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Huckleberry



Huckleberry bushes can grow 1 to 3 feet (1/3 to 1 metre) tall, with leaves 1 to 3 inches (2.5 to 7.5 cm) long, green with yellowish dots on them. [1]

Though closely related to North American blueberries, they are tarter than blueberries and have a thicker skin.

Huckleberries grow in the wild, from whence they are gathered. There at least 40 species. Though generally the skin will be dark blue, the coloration can be different by variety. One variety, called "Southern Cranberry", is reddish-black.

Regardless of the coloration, though, all Huckleberries will have 10 crunchy seeds inside them. Many varieties will bear fruit that seems to be in fact blueberries, but the 10 seeds will identify them as Huckleberries.

The name Huckleberry is often mistakenly applied to some berries that are actually blueberries. Red Huckleberries, Squaw Huckleberries and California Huckleberries are actually blueberries.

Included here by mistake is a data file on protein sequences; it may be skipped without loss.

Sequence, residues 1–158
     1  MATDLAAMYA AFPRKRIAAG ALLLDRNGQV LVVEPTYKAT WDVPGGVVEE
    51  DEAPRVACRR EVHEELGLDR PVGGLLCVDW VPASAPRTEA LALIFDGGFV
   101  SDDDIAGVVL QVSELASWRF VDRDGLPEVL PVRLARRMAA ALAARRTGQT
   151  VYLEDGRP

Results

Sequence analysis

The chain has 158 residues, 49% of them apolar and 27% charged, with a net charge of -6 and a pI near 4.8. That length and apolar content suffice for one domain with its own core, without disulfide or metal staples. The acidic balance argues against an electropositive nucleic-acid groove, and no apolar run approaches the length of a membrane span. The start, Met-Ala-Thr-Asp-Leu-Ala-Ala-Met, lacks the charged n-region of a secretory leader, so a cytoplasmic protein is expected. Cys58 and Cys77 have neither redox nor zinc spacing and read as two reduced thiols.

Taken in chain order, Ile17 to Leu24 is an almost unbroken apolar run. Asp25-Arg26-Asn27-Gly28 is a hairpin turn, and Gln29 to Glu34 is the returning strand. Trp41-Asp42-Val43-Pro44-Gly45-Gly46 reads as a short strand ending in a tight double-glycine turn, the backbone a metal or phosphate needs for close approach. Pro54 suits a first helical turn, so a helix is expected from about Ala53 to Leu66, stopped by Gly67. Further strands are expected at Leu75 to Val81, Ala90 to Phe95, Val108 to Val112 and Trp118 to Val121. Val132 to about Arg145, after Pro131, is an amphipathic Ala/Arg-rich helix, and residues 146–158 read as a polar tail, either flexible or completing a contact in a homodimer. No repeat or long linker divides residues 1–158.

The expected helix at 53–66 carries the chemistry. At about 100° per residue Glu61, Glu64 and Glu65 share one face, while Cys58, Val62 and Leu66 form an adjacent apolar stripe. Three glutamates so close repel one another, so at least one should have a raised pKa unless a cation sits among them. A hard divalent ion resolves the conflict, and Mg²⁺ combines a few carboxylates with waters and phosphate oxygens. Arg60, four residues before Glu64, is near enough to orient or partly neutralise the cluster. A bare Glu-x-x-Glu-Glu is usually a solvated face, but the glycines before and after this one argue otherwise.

Huckleberries are usually sold frozen.

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[1] One variety, called appropriately enough the "Tall Huckleberry" (Gaylussacia frondosa, aka "Dangleberry"), grows up to 6 feet (2 metres) tall.

Cooking Tips

Huckleberries can be used for preserves or in syrups.



History Notes

Native to North America.

Berries

Açaí Berries; Akala Berries; Aronia Berries; Baba Berries; Barberries; Berries; Bilberries; Black Currants; Black Gooseberries; Blueberries; Buffalo Currants; Bumbleberries; Cape Gooseberries; Cloudberries; Cranberries; Devil Spits Day; Egton Bridge Gooseberry Show; Elderberries; Garden Huckleberries; Gooseberries; Haw Flakes; Hawthorne Berries; Huckleberry; Hudson Bay Currants; Jostaberries; Lingonberries; Mulberries; Otaheite Gooseberry; Raspberries; Red Currants; Saskatoon Berries; Sea Buckthorn; Serendipity Berries; Strawberries; Sunberries; Tayberries; Thimbleberries; Ugni; Waimate Berries; White Currants; Wineberries; Wonderberries; Worcesterberries

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Also called:

Gaylussacia baccata (Scientific Name); Morelle Noire (French)

Citation

Oulton, Randal. "Huckleberry." CooksInfo.com. Published 05 April 2004; revised 02 December 2007. Web. Accessed 12/14/2017. <http://www.cooksinfo.com/huckleberry>.

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